Center for Advanced Medical Science

Uchimaru, Japan

Center for Advanced Medical Science

Uchimaru, Japan
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Tsunoda K.,Center for Advanced Medical Science | Tsunoda K.,Iwate Medical University | Oikawa H.,Iwate Medical University | Tada H.,Center for Advanced Medical Science | And 11 more authors.
Journal of Investigative Dermatology | Year: 2011

We investigated the prognostic significance and post-transcriptional acetylation-modification of cortactin (CTTN) via the nucleus accumbens-associated 1 (NACC1)-histone deacetylase 6 (HDAC6) deacetylation system in primary melanomas and melanoma cell lines. Overexpression of CTTN protein was observed in 56 (73%) of 77 stage I-IV melanomas, and was significantly correlated with tumor thickness, lymph node metastasis, distant metastasis, and disease outcome. The patients whose tumors exhibited CTTN overexpression had a poorer outcome than patients without this feature (P0.028, log-rank test). NACC1 and CTTN proteins, but not HDAC6, were overexpressed in four melanoma cell lines in comparison with a primary culture of normal human epidermal melanocytes. Knockdown of both NACC1 and HDAC6 markedly downregulated the migration activity of all melanoma cell lines (P0.05), and induced a gain of CTTN protein acetylation status. Confocal microscopy showed that hyperacetylation of CTTN modulated by depletion of both NACC1 and HDAC6 induced disappearance of CTTN protein at the leading edge of migrating cells, resulting in stabilization of the focal adhesion structure and development of actin stress fibers. These data suggest that the acetylation status of CTTN modulated by the NACC1-HDAC6 deacetylation system induces acceleration of melanoma cell migration activity via an actin-dependent cellular process, possibly contributing to aggressive behavior (invasion/metastasis) of the melanoma cells. © 2011 The Society for Investigative Dermatology.


Miyamoto A.,Center for Advanced Medical Science | Miyamoto A.,Iwate Medical University | Akasaka K.,Center for Advanced Medical Science | Akasaka K.,Iwate Medical University | And 5 more authors.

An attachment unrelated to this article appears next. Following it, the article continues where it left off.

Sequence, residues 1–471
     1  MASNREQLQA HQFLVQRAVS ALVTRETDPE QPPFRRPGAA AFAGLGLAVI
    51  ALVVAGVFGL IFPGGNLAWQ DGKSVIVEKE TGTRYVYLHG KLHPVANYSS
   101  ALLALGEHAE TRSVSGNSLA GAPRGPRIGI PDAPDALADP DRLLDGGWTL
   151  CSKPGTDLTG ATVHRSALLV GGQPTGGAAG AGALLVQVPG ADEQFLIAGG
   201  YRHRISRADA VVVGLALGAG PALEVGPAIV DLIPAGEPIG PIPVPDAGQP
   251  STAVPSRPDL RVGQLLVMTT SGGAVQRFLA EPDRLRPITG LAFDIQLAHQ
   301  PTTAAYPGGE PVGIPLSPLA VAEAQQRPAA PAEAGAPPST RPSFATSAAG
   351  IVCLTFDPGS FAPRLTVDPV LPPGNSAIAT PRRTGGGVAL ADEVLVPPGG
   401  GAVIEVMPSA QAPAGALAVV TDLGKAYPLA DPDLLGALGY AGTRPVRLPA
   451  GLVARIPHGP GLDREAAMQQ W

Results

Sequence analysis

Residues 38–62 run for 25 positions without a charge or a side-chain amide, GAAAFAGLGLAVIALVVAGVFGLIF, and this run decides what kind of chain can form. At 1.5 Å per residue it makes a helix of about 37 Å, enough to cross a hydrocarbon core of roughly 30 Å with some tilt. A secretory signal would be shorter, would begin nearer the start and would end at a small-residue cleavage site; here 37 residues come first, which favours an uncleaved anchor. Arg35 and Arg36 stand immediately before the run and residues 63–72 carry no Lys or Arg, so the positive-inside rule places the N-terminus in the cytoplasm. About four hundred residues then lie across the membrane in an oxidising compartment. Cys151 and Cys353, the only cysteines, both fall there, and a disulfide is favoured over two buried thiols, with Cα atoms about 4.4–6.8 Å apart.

American Journal of Dermatopathology | Year: 2010

Metastatic extramammary Paget disease (EMPD) is a potentially fatal malignancy for which effective chemotherapy and good biomarkers are desirable for management. We investigated the status of human epidermal growth factor receptor (HER2) and neuronal β-tubulin isotype (class III β-tubulin; TUBB3), whose overexpression is a factor involved in resistance of tumor cells to taxane derivatives) in 32 patients with EMPD. HER2 status was evaluated by immunohistochemistry followed by fluorescence in situ hybridization, and TUBB3 status was evaluated by immunohistochemistry. On the basis of the US Food and Drug Administration-approved criteria, 20 (63%) of the 32 EMPD tumors were found to overexpress HER2. Positive immunoreactivity for TUBB3 was observed in 7 (22%) of the 32 patients. Although some clinicopathologic variables (nodule formation, depth of tumor cells, presence of lymph node metastasis, and serum carcinoembryonic antigen level) were significantly associated with disease outcome (P < 0.05), HER2 gain or aberrant TUBB3 expression showed no significant correlation. However, the higher incidence of HER2 gain and the relatively lower incidence of aberrant TUBB3 expression suggested that HER2-targeted immunotherapy combined with taxane derivatives is warranted for metastatic EMPD, and that HER2 and TUBB3 status might be a good biomarker for determining the most appropriate therapeutic modality. © 2010 by Lippincott Williams & Wilkins.


PubMed | Center for Advanced Medical Science
Type: Journal Article | Journal: The Journal of investigative dermatology | Year: 2011

We investigated the prognostic significance and post-transcriptional acetylation-modification of cortactin (CTTN) via the nucleus accumbens-associated 1 (NACC1)-histone deacetylase 6 (HDAC6) deacetylation system in primary melanomas and melanoma cell lines. Overexpression of CTTN protein was observed in 56 (73%) of 77 stage I-IV melanomas, and was significantly correlated with tumor thickness, lymph node metastasis, distant metastasis, and disease outcome. The patients whose tumors exhibited CTTN overexpression had a poorer outcome than patients without this feature (P=0.028, log-rank test). NACC1 and CTTN proteins, but not HDAC6, were overexpressed in four melanoma cell lines in comparison with a primary culture of normal human epidermal melanocytes. Knockdown of both NACC1 and HDAC6 markedly downregulated the migration activity of all melanoma cell lines (P<0.05), and induced a gain of CTTN protein acetylation status. Confocal microscopy showed that hyperacetylation of CTTN modulated by depletion of both NACC1 and HDAC6 induced disappearance of CTTN protein at the leading edge of migrating cells, resulting in stabilization of the focal adhesion structure and development of actin stress fibers. These data suggest that the acetylation status of CTTN modulated by the NACC1-HDAC6 deacetylation system induces acceleration of melanoma cell migration activity via an actin-dependent cellular process, possibly contributing to aggressive behavior (invasion/metastasis) of the melanoma cells.

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